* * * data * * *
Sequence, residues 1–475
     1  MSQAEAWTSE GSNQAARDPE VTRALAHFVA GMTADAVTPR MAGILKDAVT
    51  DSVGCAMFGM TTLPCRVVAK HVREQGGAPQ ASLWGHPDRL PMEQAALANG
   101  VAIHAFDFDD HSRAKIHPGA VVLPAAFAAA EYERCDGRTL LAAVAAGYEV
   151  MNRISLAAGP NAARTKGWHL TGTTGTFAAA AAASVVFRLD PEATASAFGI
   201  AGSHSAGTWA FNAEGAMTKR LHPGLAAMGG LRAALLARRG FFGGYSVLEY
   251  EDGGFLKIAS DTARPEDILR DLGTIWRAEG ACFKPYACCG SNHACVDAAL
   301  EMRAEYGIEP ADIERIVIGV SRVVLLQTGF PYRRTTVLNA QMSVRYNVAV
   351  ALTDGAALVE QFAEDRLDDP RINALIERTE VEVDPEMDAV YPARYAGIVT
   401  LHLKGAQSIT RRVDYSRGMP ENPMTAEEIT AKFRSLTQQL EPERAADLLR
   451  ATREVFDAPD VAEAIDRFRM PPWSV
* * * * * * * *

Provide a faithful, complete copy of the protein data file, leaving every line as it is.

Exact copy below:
Sequence, residues 1–475
     1  MSQAEAWTSE GSNQAARDPE VTRALAHFVA GMTADAVTPR MAGILKDAVT
    51  DSVGCAMFGM TTLPCRVVAK HVREQGGAPQ ASLWGHPDRL PMEQAALANG
   101  VAIHAFDFDD HSRAKIHPGA VVLPAAFAAA EYERCDGRTL LAAVAAGYEV
   151  MNRISLAAGP NAARTKGWHL TGTTGTFAAA AAASVVFRLD PEATASAFGI
   201  AGSHSAGTWA FNAEGAMTKR LHPGLAAMGG LRAALLARRG FFGGYSVLEY
   251  EDGGFLKIAS DTARPEDILR DLGTIWRAEG ACFKPYACCG SNHACVDAAL
   301  EMRAEYGIEP ADIERIVIGV SRVVLLQTGF PYRRTTVLNA QMSVRYNVAV
   351  ALTDGAALVE QFAEDRLDDP RINALIERTE VEVDPEMDAV YPARYAGIVT
   401  LHLKGAQSIT RRVDYSRGMP ENPMTAEEIT AKFRSLTQQL EPERAADLLR
   451  ATREVFDAPD VAEAIDRFRM PPWSV